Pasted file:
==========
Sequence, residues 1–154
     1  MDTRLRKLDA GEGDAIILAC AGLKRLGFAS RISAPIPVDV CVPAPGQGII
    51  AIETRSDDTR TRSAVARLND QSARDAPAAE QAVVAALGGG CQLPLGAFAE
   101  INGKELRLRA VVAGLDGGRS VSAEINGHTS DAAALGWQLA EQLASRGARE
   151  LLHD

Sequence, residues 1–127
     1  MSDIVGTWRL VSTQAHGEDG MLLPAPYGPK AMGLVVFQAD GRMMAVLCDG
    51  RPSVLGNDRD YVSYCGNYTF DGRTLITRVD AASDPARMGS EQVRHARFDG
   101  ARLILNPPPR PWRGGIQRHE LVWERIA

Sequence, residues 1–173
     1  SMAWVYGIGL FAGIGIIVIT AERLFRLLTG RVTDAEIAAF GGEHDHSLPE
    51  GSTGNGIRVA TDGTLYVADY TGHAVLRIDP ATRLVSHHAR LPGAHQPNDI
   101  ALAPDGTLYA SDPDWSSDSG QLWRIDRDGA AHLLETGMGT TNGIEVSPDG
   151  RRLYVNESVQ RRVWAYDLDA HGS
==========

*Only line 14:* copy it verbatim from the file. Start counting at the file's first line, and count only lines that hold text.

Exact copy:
   151  RRLYVNESVQ RRVWAYDLDA HGS